After a few restless nights due to jet-lag, I began to put my inability to sleep to good use by convincing some of my classmates to join me on an early morning adventure. Before the sun even rose, we were navigating the slippery cobblestone roads up Philopappos Hill, past the Church of Aghios Demetrios Loumbardiaris and the Tomb of Kimon. Our objective was at the top of Philopappos Hill, where we could catch a quiet glimpse of the Parthenon sitting atop the Acropolis- which was our class’s destination for the day. As a pink haze rose above the horizon and brought light to the city of Athens, it was plain to see how the city spanned out in all directions for one distinct center- the Acropolis. The geography of the area itself highlighted the importance of the structure, but I wouldn’t know until later that day exactly how many civilizations revered this powerful hill.
Seeing the Parthenon and the Acropolis from afar that morning, I was really able to appreciate the magnitude of the ancient structure when I was up close and personal later that day. Our first stop as a class was an amazing tour of the Acropolis Museum with our all-knowing tour guide, Dora, that helped put the concepts of the Mediterranean Diet into historical context. The Acropolis Museum was really impressive, since it only contained artifacts from that one hill in the center of Athens- and it was packed! There is so much history on that one hill, that just during the process of building the museum, historians found enough relics to fill the entire entrance hall and a enough ruins to display through a glass floor underneath the building!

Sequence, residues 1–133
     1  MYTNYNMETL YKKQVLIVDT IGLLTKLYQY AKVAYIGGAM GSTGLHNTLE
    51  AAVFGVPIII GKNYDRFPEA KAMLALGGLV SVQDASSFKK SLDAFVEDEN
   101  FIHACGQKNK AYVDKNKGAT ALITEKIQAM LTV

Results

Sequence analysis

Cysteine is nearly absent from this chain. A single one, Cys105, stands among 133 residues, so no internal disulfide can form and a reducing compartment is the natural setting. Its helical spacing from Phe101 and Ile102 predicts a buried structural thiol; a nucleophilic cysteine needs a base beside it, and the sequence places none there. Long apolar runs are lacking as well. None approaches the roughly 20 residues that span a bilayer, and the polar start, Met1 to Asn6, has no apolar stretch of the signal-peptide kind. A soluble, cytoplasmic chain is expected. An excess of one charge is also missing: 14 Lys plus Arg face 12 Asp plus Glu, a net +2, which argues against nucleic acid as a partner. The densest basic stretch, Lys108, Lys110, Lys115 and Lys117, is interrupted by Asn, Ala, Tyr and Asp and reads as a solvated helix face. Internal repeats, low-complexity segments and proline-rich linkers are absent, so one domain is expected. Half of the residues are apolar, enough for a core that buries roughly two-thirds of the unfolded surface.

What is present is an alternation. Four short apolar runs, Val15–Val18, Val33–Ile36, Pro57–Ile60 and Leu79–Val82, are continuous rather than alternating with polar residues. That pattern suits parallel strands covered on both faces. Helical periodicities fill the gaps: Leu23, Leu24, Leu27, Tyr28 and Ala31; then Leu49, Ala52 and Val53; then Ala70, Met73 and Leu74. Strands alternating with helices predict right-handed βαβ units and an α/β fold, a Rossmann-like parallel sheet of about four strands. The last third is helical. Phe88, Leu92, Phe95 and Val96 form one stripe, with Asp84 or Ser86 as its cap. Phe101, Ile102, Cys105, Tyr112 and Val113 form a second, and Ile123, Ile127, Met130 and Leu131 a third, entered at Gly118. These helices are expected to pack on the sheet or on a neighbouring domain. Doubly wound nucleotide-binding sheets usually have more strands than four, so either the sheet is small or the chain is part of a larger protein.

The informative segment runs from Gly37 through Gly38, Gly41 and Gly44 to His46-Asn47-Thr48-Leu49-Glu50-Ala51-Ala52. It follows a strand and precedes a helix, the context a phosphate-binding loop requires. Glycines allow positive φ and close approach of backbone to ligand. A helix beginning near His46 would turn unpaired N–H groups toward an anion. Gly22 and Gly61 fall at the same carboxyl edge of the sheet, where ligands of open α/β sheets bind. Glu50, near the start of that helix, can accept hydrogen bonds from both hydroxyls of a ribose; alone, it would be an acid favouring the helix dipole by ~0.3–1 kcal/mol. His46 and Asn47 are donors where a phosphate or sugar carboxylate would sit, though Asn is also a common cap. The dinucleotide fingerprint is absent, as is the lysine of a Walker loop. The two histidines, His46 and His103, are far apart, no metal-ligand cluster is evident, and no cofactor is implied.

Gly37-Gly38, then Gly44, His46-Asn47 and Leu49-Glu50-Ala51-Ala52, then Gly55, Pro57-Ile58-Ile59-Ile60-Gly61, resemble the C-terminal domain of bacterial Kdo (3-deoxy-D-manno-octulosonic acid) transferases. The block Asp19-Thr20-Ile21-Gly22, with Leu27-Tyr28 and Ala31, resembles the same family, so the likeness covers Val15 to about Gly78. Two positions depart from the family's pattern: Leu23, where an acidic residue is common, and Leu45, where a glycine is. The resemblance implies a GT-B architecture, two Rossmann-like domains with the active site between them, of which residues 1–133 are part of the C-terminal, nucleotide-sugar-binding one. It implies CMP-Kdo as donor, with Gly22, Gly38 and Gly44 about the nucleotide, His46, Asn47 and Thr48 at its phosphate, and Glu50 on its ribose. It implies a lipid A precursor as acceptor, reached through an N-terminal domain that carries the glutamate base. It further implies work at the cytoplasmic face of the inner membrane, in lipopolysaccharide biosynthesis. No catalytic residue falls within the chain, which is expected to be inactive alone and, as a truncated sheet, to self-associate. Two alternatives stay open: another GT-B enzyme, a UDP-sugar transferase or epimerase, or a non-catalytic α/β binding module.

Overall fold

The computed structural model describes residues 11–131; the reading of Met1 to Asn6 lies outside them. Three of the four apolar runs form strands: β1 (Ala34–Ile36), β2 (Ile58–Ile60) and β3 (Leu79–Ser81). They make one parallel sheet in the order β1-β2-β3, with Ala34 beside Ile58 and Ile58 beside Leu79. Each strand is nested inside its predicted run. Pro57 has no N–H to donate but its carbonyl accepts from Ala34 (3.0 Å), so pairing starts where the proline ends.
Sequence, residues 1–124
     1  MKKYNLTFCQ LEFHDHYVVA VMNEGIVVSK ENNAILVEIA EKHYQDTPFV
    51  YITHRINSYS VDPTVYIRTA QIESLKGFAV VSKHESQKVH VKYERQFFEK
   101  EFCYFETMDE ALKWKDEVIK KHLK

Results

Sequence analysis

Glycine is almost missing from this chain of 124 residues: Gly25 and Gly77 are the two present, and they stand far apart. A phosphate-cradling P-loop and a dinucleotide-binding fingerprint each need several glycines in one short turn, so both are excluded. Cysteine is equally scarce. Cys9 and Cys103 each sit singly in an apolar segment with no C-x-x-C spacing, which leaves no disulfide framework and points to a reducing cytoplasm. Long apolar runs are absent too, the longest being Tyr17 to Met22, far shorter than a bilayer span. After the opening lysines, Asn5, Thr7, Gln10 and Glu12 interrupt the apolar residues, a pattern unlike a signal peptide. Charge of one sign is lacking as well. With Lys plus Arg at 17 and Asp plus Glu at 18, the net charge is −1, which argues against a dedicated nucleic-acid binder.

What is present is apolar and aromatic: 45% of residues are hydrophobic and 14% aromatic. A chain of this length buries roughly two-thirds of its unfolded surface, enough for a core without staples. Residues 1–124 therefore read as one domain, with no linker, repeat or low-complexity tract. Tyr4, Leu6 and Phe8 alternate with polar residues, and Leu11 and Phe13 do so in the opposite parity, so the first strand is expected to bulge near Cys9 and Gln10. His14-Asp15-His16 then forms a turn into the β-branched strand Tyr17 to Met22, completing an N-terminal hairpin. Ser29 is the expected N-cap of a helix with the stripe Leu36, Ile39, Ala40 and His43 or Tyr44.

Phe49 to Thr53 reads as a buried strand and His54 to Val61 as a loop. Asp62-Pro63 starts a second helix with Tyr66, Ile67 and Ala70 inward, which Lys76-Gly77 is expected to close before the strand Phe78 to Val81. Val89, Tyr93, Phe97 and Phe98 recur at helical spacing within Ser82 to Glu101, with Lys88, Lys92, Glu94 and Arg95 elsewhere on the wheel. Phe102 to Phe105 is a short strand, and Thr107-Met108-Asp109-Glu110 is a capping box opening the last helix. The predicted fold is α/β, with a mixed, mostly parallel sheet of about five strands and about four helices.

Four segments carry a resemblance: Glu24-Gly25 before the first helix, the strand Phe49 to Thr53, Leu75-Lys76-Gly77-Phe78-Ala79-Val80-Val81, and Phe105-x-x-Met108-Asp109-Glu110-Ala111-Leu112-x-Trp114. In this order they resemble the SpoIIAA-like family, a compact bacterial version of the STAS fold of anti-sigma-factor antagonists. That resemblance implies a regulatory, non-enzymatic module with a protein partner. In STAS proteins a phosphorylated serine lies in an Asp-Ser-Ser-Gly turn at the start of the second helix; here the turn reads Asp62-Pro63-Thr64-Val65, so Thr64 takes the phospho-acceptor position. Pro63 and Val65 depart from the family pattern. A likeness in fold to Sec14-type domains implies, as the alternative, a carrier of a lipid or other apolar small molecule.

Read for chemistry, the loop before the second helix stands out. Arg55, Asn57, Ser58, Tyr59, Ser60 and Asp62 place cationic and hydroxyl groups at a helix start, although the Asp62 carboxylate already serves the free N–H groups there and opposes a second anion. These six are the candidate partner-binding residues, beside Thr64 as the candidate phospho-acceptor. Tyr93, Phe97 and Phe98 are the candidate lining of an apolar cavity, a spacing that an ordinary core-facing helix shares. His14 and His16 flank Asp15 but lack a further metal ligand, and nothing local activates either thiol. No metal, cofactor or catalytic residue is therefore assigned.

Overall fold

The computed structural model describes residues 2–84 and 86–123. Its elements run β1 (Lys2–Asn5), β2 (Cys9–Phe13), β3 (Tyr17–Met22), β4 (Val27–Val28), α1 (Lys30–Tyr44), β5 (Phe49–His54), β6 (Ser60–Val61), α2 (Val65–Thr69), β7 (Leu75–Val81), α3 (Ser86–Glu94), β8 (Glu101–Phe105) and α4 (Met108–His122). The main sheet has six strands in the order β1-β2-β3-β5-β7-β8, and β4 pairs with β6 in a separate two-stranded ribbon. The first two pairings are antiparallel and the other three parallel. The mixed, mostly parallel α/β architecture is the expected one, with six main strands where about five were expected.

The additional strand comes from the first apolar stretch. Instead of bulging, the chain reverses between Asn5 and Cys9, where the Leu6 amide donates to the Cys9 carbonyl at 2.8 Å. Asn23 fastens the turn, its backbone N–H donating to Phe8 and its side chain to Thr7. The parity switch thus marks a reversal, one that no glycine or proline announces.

After learning about the rich history behind the Parthenon and Acropolis, we made our way up to the main event. After following the tide of tourists and taking some photos, I just sat down and stared at the monstrous, gorgeous, Parthenon for literally twenty minutes. Sitting there staring at this famous, ancient monument was really peaceful. Visiting this place felt less like a tourist destination and Kodak moment, and more like an opportunity to marinate in the history and significance of the place. When it was time to go, I did not want to leave that calm state. If there’s one thing I’ve learned so far about the Mediterranean Lifestyle, it’s the importance of taking time to enjoy life. Whether it is slowly savoring a meal with friends and family over the course of a few hours, taking a walk to enjoy beautiful scenery and integrate exercise into your daily routine, or taking a quiet moment in front of the Parthenon, I am really loving this slower place compared to my normal hectic life.